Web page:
EEOC to Investigate Denial of Gender-Appropriate Restrooms in Private Sector as Sex Discrimination under Title VII Post-Lusardi
After issuing a groundbreaking ruling that denying transgender individuals’ access to bathrooms consistent with their identified genders is sex discrimination prohibited by Title VII (Lusardi v. McHugh, EEOC Appeal No. 0120133395 (Apr. 1, 2015)), the EEOC has confirmed that its investigators will rely upon Lusardi when examining claims against private-sector employers and making probable cause determinations.
As we’ve previously written, in Lusardi the U.S. Army forced Tamara Lusardi, a transgender woman, to use a single-user restroom rather than the women’s restroom even though she had begun living and working full-time as a woman. She was told that she would be permitted to use the women’s restroom only after proving that she had undergone so-called “final surgery ” – a common but misguided, highly offensive, and now illegal policy that would rise to the level of an adverse employment action.
For good reason, counsel for companies across the country have told Bloomberg BNA that Lusardi and recent Commission enforcement activity against the misgendering of transgender employees “should put private sector employers in a compliance mode” and take a “compliance-first” approach.
How should employer adopt best practices with respect to restrooms and locker rooms? The federal government has already issued a formal guidance to ensure that its agencies provide a non-discriminatory workplace to all employees, regardless of their gender identity. Citing new DOL/OSHA guidelines, the U.S. Office of Personnel Management guidance lays out the following principles:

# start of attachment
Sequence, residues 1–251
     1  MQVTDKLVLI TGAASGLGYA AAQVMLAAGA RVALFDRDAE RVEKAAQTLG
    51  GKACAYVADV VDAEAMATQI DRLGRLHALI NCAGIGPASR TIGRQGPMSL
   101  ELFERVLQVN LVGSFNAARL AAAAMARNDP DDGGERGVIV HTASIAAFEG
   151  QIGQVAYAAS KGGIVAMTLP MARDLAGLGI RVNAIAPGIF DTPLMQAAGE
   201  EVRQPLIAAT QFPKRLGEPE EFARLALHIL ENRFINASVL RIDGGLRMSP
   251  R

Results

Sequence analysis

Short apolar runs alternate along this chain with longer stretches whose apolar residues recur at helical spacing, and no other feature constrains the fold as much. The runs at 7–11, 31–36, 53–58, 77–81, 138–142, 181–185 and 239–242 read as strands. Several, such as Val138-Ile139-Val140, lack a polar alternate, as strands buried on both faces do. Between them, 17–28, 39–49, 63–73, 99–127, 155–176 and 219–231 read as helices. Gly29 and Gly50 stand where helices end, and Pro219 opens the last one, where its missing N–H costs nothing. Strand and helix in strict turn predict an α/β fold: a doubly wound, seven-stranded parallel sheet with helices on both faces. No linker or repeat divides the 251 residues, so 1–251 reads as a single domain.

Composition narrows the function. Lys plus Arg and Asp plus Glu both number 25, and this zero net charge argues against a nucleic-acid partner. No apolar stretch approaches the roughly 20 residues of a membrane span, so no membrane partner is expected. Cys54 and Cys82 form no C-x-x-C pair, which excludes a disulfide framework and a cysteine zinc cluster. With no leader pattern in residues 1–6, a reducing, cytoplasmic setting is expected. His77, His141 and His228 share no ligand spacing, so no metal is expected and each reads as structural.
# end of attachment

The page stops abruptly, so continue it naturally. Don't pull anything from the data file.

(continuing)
For a transitioning employee, this means that, once he or she has begun working in the gender that reflects his or her gender identity, agencies should allow access to restrooms and (if provided to There employees) locker room facilities consistent with his or her gender identity. Transitioning employees should not be required to have undergone or to provide proof of any particular medical procedure (including gender reassignment surgery) in order to have access to facilities designated for use by a particular gender.
Under no circumstances may an agency require an employee to use facilities that are unsanitary, potentially unsafe for the employee, located at an unreasonable distance from the employee’s work station, or that are inconsistent with the employee’s gender identity.
To address employers’ common practice of “segregating” transgender employees in There facilities head on, the DOL/OSHA guidelines provide the following direction:
[N]o employee should be required to use a segregated facility apart from There employees because of their gender identity or transgender status.
Although not discussed widely in legal circles, DOL/OSHA further acknowledges that employers should also accommodate non-binary transgender employees through gender-inclusive facilities:
The best policies also provide addition al options, which employees may choose, but are not required, to use. These include:
• Single-occupancy gender-neutral (unisex) facilities; and
• Use of multiple-occupant, gender-neutral restroom facilities with lockable single occupant stalls.
Because Lusardi cites the OPM guidance, it is highly likely that EEOC investigations into this type of misgendering in the private sector – requiring employees to use bathrooms or locker rooms that do not correspond to with their gender identity – may adopt this framework.